Fast-forward to today and the buildings of Grafton still stand. They are hauntingly beautiful with the backdrop of Mount Kinesava and the cliffs of Zion National Park.

Many believe that the spirits of the former residents still reside in the homes that remain.

Now, if you do decide to take a drive to the Grafton ghost town for whatever purpose, please remember that it is on private property. Be respectful of the buildings, of the landowners, of the road, and of any spirits that may remain.

*Information source:

Government Shutdown

The government has shutdown again [at least it’s slow season this time!]

Until it reopens, Zion National Park will be impacted in the following ways: (source: Visit Utah)

Zion National Park


• Zion Canyon Visitor Center, Kolob Canyons Visitor Center and Human History Museum: Closed

• Zion Lodge: Open

• Restrooms: Closed

• Campgrounds: Watchman campground will remain open in the short term, but will close Sunday.

Road Conditions:

• Most roads will be open, weather permitting.

• The Zion-Mt. Carmel Highway may close temporarily for plowing and sanding.

• The Zion-Mt. Carmel Tunnel will be open to large vehicles (11’4” tall or taller, or 7’10” wide or wider) 8:00 am to 4:00 pm only. Vehicles over 13’1” tall and commercial vehicles prohibited.

• Zion Canyon Scenic Drive will be open. Weather conditions may cause the road to be closed above Zion Canyon Lodge. Traffic congestion may also cause the road to be closed if it impedes emergency response.

• Kolob Canyons Road will be open, weather permitting.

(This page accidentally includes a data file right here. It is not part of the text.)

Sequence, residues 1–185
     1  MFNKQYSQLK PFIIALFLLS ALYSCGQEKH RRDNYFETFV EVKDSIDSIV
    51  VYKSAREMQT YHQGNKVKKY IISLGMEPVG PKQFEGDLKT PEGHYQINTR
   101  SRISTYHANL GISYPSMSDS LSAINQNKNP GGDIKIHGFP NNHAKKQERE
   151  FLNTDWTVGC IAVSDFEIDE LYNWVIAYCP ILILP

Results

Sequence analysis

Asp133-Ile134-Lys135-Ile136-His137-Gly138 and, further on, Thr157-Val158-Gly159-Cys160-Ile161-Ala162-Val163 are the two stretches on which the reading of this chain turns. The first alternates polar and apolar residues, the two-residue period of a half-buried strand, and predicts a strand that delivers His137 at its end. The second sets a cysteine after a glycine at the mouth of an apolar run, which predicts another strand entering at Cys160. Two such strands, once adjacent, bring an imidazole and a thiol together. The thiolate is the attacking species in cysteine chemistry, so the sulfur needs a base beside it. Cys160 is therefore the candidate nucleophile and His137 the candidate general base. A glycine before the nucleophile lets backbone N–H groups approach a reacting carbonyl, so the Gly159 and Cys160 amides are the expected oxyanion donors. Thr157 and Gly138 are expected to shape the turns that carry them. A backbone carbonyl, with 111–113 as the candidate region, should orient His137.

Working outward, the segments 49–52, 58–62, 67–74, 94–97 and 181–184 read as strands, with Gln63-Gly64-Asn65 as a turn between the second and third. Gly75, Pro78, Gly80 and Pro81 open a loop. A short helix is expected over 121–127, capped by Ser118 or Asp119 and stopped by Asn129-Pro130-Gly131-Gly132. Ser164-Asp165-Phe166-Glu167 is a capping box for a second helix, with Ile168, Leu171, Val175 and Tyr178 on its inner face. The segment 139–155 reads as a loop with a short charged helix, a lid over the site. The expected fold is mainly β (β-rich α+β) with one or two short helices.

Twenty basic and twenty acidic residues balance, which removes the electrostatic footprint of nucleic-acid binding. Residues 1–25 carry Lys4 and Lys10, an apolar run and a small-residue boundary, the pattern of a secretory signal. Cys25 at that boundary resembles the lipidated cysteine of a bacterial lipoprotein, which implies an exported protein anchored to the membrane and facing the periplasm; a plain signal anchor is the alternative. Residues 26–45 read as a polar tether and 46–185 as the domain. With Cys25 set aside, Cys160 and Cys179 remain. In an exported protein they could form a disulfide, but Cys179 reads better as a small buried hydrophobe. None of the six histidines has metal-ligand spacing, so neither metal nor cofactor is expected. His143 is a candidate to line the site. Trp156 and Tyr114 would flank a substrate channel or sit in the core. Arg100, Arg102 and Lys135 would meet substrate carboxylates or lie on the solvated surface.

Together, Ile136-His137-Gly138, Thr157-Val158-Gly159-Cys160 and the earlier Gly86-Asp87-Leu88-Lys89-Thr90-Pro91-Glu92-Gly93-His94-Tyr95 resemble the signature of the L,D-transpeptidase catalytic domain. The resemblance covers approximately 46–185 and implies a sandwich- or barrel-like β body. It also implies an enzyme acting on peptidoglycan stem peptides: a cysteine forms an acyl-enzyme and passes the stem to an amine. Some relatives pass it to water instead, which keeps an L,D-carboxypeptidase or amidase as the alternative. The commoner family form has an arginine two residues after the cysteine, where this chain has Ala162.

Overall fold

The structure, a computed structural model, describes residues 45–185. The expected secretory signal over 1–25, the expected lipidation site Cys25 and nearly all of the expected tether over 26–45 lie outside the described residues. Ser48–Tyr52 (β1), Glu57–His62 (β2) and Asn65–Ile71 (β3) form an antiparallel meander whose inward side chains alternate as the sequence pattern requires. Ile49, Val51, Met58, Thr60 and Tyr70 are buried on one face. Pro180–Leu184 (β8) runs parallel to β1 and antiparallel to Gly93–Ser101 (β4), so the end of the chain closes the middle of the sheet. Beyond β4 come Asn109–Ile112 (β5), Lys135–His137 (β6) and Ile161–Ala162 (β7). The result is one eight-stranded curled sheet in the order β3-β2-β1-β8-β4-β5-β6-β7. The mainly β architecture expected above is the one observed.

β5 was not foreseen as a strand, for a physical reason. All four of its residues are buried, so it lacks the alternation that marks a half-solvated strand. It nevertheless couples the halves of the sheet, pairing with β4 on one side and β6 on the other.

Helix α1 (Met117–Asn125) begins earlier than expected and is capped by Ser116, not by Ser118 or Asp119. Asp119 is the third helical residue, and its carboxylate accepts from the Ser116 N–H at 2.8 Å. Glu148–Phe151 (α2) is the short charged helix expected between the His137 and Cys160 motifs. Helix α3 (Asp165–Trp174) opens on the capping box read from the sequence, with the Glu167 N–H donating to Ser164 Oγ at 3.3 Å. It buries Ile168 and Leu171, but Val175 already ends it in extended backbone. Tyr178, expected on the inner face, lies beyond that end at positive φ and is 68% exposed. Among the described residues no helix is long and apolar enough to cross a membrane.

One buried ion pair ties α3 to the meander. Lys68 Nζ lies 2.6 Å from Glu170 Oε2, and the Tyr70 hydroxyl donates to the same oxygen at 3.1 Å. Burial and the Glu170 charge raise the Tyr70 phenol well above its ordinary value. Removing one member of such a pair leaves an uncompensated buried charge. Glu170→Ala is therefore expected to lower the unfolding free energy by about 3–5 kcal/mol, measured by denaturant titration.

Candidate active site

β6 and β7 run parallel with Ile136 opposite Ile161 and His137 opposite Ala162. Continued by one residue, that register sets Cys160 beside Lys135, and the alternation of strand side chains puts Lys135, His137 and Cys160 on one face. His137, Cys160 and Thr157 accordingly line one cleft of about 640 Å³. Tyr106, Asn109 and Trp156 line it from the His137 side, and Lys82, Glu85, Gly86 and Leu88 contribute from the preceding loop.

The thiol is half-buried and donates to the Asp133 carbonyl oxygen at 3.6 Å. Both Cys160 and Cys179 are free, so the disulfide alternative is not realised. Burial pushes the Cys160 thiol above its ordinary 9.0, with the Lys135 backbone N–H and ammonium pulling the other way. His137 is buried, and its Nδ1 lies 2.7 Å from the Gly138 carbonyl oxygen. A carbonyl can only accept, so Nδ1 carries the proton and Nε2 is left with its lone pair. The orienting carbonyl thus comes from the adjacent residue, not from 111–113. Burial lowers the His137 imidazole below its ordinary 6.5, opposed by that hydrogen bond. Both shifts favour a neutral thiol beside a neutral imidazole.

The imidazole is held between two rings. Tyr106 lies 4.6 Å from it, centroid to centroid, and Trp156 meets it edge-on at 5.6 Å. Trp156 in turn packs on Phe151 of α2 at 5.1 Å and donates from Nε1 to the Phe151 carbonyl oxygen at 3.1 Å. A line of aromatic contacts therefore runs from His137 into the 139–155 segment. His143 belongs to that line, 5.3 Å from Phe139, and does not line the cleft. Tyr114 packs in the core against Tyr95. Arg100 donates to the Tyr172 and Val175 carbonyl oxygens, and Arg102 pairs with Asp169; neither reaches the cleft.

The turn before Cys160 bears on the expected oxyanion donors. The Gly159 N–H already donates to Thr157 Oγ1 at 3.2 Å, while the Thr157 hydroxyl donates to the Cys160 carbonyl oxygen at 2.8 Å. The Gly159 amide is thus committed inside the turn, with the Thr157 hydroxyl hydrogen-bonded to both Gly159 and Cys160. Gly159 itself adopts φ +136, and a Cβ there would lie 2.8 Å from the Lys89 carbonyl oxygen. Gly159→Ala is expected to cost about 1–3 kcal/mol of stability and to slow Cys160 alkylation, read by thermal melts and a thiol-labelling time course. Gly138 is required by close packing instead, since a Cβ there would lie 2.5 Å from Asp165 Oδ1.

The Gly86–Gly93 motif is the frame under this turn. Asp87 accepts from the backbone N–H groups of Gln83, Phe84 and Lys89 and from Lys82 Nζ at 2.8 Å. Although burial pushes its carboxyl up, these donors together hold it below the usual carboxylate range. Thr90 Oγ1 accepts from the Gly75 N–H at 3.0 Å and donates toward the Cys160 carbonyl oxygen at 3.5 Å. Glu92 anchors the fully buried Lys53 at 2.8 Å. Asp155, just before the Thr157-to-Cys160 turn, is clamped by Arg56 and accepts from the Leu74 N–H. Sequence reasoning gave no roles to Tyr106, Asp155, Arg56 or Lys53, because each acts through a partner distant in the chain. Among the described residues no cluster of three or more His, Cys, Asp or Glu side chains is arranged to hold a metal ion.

• Kolob Terrace is already partially closed.


•  Trails will open as usual, unless there are health and safety concerns in a particular area. Falling ice and slippery conditions are common during the winter. Visitors need to be responsible for their own safety. Traction devices are recommended on most trails.

National Park Fee-Free Days – 2018

This land is your land and this land is my land. … This land was made for you and me. [Woody Guthrie]

We are still waiting to learn if the entrance fee to Zion National Park will increase to the proposed $70. The public comment period was extended to December 22, 2017. I hope you all had the opportunity to make your voices heard. 📢

This increase would potentially affect the following Utah national parks: Bryce Canyon, Canyonlands, Arches, and Zion National Park. It would apply specifically to the busiest 5 months in the year: May through September.

These fee increases are intended to be only for the 7-day passes, which will in turn help to keep more of the money generated from the sales of these passes in the national park from which they were purchased.

There is no doubt that there is a need for more money to remain in Zion National Park, as they are struggling to find funding for continued operations. In no way is this post intended to be political, but with recent budget cuts, and increased visitation, Zion has been hit hard. Additionally, a large percentage of money generated by entrance fees goes directly to keeping the shuttle system operating. We have seen how important our shuttle system is to the efficiency of visitation to the Park, most recently over the Christmas/New Year week!

Anyhow, enough about that. I shared my opinion during the open comment period, so now we wait to see what will happen next.

The National Park Service has announced four entrance fee-free days in 2018:

  • January 15: Martin Luther King Jr. Day
  • April 21: First day of National Park Week
  • September 22: National Public Lands Day
  • November 11: Veterans Day

Let’s get out there and respectfully and safely enjoy our beautiful land!

*Sources: < em>< em>

It Was Fun While It Lasted

We have been making a trip up to Kolob Mountain every weekend since Christmas to take pictures of the birds of prey that winter there.

Up until now we have enjoyed clear roads and relatively warm weather, along with some incredible views and bird-watching opportunities.

But now it’s snowing up there… 🌨❄️

Snow is definitely needed, so I’m not complaining, but it was definitely fun while it lasted!

I guess it’s time to find a new weekend hangout spot. Maybe Kolob Canyons?